Maybe it was the deluge of drab December days. A seemingly endless iteration of gray that left my roll wore thin. Maybe that’s why I found My Name is Mary Sutter so disturbing. Written by Robin Oliveira, it is a tale of inequality, loneliness, and love unrequited. Medical madness. Men as martyrs. Women denied but determined. The butchery, suffering, and lunacy of war. Dark drama indeed. History, even of the fictional variety, is often a very nasty business.
The fundamental themes and truths underlying Ms. Oliveira’s freshman effort left me melancholy, and miasma was my name. For real. I was impressed but rendered totally depressed. After all, this kind of thing still goes on everyday in some dark corner. Where is the wisdom of the years? It hurts me just to think about it. Call me moved.
I was not looking forward to talking about it either. December 17, 2012 loomed in menacing fashion. It stalked me. I needn’t have worried, as things went well-enough, although the conversation did seem somewhat subdued. We spoke for an hour about all the above. Afterwards, I switched off the lights, went home, and fell into a fitful sleep.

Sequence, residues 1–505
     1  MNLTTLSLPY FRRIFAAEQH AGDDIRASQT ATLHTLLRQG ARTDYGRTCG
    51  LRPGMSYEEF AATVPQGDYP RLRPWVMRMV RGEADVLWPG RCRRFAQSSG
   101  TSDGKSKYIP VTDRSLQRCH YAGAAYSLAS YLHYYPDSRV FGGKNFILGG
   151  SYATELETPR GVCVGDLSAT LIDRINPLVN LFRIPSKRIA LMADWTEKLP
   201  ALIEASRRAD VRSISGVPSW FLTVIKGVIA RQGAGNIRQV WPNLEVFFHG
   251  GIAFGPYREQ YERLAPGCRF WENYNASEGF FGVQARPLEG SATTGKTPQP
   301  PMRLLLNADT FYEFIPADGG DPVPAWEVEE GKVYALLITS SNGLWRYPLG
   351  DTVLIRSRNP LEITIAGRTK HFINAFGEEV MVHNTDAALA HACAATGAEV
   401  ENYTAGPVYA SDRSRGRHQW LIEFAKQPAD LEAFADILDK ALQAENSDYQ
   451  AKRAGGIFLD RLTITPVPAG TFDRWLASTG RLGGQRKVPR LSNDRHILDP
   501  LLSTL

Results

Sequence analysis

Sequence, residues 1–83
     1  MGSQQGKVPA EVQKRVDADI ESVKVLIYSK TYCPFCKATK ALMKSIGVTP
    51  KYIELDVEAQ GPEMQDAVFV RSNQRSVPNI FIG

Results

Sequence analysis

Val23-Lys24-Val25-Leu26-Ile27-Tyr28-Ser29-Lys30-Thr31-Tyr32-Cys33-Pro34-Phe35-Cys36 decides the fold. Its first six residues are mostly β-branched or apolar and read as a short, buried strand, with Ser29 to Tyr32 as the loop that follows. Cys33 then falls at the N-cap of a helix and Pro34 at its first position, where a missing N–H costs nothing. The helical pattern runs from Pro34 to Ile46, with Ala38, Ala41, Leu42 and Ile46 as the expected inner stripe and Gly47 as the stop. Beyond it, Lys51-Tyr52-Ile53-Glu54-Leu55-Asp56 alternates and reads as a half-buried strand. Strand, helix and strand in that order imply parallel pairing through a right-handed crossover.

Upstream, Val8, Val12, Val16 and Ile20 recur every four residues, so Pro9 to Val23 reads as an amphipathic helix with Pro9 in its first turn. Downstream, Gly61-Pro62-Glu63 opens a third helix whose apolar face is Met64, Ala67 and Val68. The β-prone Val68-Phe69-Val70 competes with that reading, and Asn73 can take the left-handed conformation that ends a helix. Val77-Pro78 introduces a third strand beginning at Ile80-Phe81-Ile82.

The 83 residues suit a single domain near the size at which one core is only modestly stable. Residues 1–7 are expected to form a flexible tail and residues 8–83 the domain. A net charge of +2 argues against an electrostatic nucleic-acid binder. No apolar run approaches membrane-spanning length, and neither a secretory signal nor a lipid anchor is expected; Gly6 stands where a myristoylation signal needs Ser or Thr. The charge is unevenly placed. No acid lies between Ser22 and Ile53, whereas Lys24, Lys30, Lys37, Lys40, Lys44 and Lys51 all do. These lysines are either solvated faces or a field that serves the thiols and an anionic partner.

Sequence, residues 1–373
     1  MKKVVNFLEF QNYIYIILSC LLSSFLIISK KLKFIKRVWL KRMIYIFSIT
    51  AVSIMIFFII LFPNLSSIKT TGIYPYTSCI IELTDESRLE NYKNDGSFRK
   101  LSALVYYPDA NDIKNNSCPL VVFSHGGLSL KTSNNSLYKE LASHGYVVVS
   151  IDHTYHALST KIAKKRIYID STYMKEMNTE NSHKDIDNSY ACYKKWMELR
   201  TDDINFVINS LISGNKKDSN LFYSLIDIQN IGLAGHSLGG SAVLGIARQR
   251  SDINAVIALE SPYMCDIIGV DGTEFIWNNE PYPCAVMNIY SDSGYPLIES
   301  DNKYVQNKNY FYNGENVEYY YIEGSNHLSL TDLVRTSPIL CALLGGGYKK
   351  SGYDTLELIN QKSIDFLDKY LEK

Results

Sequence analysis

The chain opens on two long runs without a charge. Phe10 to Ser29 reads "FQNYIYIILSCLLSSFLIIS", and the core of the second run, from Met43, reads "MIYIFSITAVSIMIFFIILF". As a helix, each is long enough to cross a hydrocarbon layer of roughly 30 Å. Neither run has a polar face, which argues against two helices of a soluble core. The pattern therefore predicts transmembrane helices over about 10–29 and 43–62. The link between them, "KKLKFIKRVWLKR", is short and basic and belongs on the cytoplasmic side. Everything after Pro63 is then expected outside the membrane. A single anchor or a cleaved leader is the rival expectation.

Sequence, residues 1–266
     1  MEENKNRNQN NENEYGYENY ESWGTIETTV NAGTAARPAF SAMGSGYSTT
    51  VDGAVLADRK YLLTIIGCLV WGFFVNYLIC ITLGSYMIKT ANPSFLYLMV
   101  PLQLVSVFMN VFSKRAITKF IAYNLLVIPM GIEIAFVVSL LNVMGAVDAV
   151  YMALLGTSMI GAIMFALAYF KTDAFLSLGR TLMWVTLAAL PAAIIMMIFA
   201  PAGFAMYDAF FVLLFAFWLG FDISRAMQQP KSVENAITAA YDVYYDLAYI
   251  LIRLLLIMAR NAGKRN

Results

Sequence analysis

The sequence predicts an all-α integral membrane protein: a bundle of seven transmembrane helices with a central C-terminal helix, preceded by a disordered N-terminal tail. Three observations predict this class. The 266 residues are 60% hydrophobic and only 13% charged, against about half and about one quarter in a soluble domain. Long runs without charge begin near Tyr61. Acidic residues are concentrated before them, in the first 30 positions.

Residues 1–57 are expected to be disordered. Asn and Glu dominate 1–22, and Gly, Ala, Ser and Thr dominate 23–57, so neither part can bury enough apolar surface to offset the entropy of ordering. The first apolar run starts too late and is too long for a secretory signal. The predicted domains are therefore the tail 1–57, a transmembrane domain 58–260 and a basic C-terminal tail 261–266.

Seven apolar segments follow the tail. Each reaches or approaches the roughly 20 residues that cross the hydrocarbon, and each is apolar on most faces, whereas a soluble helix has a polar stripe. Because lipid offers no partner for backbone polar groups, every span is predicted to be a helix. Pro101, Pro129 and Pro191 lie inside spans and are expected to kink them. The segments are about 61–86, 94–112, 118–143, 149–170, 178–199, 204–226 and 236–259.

2 Must Read Civil War Tales
Oldest Living Confederate Widow Tells All by Allan Gurganas
“Bawdy, raucous, comic… The story of the South in all its tragic and self-perceived glory.”
–The Boston Globe
The Widow of the South by Robert Hicks
“A thunderous, action-rich first novel of the Civil War, based on historical fact.”
“Lewis’s rare gift as a guide through the world of credit default swaps and sovereign debt doesn’t come simply from his deep understanding of how the global financial system works . . . but also from his skill as a storyteller, his ability to tell the larger tale through fascinating human stories…”–Boston Globe